A not-so-far stretch from the foreseeable future, the team at Mars One is well on its way to making the attempts to land an astronaut (more like a team of four astronauts) on the surface of Mars a reality.
With a projected date of 2024, Mars One is taking the steps necessary in putting a crew (and budget) in place to get mankind to the Red Planet.
The mission? To colonize.
As the Federal Government has long since cut funding to NASA, the question asked moving forward is: Where will the money (or funding) come from?
“The Dutch not-for-profit organization is raising money any way it can. That means broadcasting rights, sponsorship deals, crowd funding, donations from philanthropists, and licensing intellectual property rights from inventions made along the way,” explains The Guardian.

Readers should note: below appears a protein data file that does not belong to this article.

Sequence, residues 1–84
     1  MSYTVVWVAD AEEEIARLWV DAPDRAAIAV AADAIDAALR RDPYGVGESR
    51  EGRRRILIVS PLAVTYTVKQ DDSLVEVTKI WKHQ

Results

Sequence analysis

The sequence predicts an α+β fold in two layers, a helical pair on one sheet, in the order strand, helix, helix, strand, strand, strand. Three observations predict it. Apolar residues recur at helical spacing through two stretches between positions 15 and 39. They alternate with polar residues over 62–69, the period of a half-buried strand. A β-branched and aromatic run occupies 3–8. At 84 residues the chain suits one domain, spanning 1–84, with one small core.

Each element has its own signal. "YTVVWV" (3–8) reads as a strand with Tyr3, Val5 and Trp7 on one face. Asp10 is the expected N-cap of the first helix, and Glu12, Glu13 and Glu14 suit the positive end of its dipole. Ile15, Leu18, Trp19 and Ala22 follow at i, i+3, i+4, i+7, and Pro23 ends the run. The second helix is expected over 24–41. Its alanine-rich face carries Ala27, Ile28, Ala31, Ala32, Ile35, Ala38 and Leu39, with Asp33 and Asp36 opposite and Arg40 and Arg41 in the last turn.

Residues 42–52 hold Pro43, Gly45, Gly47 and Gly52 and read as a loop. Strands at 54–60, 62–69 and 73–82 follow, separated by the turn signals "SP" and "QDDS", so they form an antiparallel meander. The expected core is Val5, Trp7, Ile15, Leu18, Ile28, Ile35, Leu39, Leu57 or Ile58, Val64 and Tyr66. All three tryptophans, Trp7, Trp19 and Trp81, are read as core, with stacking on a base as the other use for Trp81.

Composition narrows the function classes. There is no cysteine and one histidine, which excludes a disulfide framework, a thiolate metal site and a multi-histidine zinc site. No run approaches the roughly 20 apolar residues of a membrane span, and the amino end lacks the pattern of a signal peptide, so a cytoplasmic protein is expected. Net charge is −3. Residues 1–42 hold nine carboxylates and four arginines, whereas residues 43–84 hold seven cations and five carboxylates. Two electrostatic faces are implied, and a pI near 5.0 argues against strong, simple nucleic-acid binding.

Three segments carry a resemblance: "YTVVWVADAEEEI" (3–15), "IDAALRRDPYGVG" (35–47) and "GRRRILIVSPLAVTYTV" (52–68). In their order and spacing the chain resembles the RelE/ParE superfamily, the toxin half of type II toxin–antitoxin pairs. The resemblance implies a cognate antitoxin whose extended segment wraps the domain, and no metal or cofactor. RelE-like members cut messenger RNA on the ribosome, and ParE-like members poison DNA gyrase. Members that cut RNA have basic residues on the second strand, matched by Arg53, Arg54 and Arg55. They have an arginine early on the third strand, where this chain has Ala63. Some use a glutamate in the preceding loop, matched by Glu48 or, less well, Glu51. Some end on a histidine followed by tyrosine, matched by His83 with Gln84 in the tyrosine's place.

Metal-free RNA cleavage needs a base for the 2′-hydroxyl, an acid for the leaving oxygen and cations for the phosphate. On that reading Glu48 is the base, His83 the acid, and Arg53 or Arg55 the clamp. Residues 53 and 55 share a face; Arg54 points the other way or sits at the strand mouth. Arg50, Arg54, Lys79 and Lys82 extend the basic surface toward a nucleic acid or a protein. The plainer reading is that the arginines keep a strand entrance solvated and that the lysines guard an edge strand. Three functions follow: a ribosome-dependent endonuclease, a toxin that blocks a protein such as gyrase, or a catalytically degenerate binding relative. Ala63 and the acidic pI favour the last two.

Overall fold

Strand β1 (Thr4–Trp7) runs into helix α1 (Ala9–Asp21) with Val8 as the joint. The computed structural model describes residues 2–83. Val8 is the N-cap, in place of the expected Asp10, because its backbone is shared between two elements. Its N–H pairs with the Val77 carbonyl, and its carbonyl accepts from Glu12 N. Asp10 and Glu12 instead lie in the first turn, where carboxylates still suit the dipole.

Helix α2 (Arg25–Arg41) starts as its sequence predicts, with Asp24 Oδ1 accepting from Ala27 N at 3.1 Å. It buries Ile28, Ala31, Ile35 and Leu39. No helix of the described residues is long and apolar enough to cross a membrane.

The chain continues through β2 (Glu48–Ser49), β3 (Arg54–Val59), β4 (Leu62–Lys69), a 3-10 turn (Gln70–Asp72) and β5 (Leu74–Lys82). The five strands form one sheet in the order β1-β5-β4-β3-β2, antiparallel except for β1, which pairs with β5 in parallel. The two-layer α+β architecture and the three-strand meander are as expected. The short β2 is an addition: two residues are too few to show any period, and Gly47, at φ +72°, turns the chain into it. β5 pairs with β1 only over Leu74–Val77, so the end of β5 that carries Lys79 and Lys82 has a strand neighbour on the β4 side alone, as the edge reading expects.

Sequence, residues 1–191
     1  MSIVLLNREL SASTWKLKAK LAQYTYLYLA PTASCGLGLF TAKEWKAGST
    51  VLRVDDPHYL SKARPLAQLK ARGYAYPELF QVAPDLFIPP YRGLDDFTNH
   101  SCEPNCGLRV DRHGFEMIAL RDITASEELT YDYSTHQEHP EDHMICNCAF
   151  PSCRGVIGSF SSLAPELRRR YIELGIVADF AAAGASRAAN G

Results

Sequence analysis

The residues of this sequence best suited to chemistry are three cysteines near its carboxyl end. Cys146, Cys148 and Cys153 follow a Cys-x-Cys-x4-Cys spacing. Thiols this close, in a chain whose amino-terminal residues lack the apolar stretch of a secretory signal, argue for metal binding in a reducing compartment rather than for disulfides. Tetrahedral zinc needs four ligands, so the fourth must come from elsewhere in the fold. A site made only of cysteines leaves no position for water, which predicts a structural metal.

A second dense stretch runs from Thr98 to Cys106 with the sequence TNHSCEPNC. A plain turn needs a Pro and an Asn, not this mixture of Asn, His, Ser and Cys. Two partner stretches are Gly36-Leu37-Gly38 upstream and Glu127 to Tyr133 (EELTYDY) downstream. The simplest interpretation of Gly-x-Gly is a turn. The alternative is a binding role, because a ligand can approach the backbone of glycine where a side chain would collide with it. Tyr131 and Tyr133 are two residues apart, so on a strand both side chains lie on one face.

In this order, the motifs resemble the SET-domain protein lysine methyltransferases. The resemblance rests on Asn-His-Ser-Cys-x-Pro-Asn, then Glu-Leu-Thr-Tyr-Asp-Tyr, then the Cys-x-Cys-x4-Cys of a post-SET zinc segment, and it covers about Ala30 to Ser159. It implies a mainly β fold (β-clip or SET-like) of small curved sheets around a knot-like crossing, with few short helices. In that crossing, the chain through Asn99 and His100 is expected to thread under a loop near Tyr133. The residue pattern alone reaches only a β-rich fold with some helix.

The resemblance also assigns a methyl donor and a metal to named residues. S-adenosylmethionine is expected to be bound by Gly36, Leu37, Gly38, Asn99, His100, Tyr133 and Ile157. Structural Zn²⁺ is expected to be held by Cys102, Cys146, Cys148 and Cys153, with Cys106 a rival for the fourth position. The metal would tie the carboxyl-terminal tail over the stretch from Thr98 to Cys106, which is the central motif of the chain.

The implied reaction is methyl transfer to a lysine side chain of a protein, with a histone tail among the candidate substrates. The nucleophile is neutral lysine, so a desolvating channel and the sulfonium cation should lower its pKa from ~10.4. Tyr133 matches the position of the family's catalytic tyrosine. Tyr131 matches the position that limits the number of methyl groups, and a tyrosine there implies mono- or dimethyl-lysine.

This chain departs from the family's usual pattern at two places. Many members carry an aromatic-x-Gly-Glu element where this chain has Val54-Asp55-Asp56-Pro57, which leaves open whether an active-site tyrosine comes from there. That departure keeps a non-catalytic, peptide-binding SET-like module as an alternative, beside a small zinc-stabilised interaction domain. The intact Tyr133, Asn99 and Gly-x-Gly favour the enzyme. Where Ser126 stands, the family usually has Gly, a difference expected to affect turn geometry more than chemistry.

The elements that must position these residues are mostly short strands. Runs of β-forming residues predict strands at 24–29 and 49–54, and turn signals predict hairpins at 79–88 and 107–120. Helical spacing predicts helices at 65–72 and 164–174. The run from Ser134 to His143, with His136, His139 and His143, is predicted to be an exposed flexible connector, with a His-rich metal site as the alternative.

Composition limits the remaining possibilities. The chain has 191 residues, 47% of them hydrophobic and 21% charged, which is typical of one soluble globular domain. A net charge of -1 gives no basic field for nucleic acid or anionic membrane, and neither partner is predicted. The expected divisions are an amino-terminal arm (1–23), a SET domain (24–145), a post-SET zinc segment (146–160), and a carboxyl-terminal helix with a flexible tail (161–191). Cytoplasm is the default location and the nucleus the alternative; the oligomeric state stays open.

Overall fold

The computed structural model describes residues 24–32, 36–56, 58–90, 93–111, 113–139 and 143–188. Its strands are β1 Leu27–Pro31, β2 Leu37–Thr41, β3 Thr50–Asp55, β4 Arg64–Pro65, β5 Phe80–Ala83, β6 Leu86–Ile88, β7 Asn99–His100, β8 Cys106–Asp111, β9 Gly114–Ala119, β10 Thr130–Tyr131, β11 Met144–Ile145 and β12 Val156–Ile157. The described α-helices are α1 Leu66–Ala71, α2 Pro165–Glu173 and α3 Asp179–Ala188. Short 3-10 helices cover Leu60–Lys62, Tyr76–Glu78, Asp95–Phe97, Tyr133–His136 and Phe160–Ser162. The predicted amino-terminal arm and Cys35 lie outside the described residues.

In the meantime, Stateless Media offers a ten-minute snippet into the window of Mars One’s mission, in which it interviews three of the potential astronauts, from a candidate pool of over 200,000 volunteers (Yes, I said volunteers!), about their anticipations and anxieties, leading up to selection, and beyond.
Included within the narrative of discussions contemplating the unknown of exploration of the alien planet, what can be seen as well, throughout, is an intertwining collage of breathtakingly surreal landscapes here on Earth (and in which mirror and/or mimic that of Mars).
If for doing nothing more, If I Die on Mars should be used to create a dialog, opening up a conversation (and invitation) as to the possible and potential hopes for the future of mankind once landed on Mars.